So were you one of the 5000, 10,000 or 12,500 who matched and rallied for independence in Edinburgh on Saturday? Numbers matter in these situations, as the headlines showed, and depending on who you were talking to, the event was either a flop or a success.
The official police figure for Saturday was 5000, but I have a vivid memory of the great march for democracy in Edinburgh back in December, 1992, when the police said only 15,000 turned out. The true figure, as proven by a scrupulously fair head count carried out by, among others, myself as a trade union scrutineer, was in excess of 25,000. So if you don’t mind, I’ll take the police figures for Saturday’s march and rally with a large pinch of salt.
It is in the interests only of the Unionists to play down the attendance figure, and as someone who could not be there due to work commitments, I can only admire those people who did give up their Saturday to attend what was, after all, an event that was not organised by my party, the SNP, or the official Yes Scotland campaign but by a small group of enthusiasts for independence.
They should be commended for their efforts, and they should also ignore the usual patronising putdowns by the Unionists. I do hope the pro-Union side keeps up its monotonous negativity usually delivered with a sneer – every arrogant smirk on that side is another vote secured for independence.
I normally admire David McLetchie and think that after his personal taxigate, he should have got back as Scottish Conservative leader. His remark that the turnout was less than that for a struggling third division football team was beneath his usual standard of wit and may well rebound on him. Only one team in the Scottish third division attracts crowds of anywhere near 5000, so to suggest that Rangers are “struggling” might not make McLetchie any chums among the Ibrox contingent. And there’s quite a few Unionists among them, or so I’m led to believe . . .
There’s a long way and several marches to go to the referendum which will take place in October 2014, as the democratically-elected Scottish Government has decided. The carping bleatings of such as my fellow columnist Brian Monteith that the vote should be held earlier is another example of the Unionists failing to concede that Alex Salmond and the SNP won the last election on a mandate to hold the referendum when the Scottish Government decides to do so, working in collaboration with the Westminster Government.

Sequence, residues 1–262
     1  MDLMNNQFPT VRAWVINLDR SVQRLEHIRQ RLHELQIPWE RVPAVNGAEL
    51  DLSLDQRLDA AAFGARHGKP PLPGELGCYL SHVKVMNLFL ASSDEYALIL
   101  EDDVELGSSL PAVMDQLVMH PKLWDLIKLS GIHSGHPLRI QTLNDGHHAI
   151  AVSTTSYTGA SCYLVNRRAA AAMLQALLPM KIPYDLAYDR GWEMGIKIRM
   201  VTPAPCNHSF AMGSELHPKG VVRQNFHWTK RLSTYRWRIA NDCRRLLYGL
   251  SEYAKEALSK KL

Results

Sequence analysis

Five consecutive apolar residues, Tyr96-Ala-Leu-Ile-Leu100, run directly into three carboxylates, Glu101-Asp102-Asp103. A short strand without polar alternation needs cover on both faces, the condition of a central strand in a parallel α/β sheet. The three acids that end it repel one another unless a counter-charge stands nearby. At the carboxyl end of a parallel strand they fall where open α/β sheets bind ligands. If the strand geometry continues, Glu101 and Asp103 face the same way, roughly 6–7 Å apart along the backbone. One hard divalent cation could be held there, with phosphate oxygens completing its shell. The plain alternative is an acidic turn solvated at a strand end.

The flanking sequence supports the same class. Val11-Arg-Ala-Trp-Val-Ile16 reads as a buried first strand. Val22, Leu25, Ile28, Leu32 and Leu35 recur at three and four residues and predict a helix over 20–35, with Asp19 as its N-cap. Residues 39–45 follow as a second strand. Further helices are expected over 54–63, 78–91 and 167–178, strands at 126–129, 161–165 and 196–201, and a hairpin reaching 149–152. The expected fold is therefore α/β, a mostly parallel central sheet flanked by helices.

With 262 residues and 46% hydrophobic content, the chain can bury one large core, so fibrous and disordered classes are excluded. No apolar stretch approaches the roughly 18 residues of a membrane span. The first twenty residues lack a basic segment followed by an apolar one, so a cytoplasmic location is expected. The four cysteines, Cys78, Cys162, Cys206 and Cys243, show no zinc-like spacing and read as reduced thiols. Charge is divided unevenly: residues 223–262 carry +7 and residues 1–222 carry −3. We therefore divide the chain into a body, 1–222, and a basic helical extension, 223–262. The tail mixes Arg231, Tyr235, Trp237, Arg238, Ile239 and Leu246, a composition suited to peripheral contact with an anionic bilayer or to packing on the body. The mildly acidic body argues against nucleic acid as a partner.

About the only sensible thing the coalition has done is to concede that the referendum can go ahead and that they will provide the legal framework. The timing has nothing to do with delaying the vote and everything to do with ensuring that the referendum is legal, and it will take another two years for the legislation to be passed and for all the myriad of questions about independence to be answered – after all, the Act of Union in 1707 was first proposed by James VI and I more than 100 years earlier, and back then the Unionists never dared put their case to all the people of Scotland before bribing their way to a hollow victory.
These days there are many Unionists and their lackeys in the media who just can’t stomach the fact they are losing the arguments the longer the debate goes on. The more Scottish people question what good the Union is doing them, the more the Unionists seem like the tellers of a tale told by an idiot, full of sound and fury, signifying nothing.
THE other week I told you about getting a parking ticket for parking at a broken meter in Market Street. As I thought would happen, the ticket has now been cancelled, given the proof I provided that the meter was indeed out of order.
What galls me is that in the letter cancelling the ticket, the council’s parking services people state: “The front panel of every ticket issuing machine advises ‘If the machine is out of order please park elsewhere.’
“The correct procedure for parking attendants when they observe a vehicle displaying a note stating that the ticket machine is faulty is to issue a parking ticket. In addition, the parking attendant should report the suspected fault in order that an engineer can be despatched from the relevant Council department to investigate the matter.
“From investigation, we can confirm that, following the dispatch of an engineer to the ticket machine in question, a fault was subsequently found . . . in future, to avoid further tickets being issued in similar circumstances, which may not be given the same consideration, please park elsewhere if a machine appears to be defective.”
That is complete tosh. If the council’s “relevant department” can’t ensure its meters are in working order then that is not the fault of the citizens.
It defies logic to say “park elsewhere” when a meter is broken. I invite the good people of Edinburgh and elsewhere to ignore this nonsensical instruction – when you find a broken meter, park there all day and if you get a ticket, just e-mail parking services and say: “Well you let Martin Hannan off, so I have to get off as well.”
It will be a small victory for the people against the (broken) machine.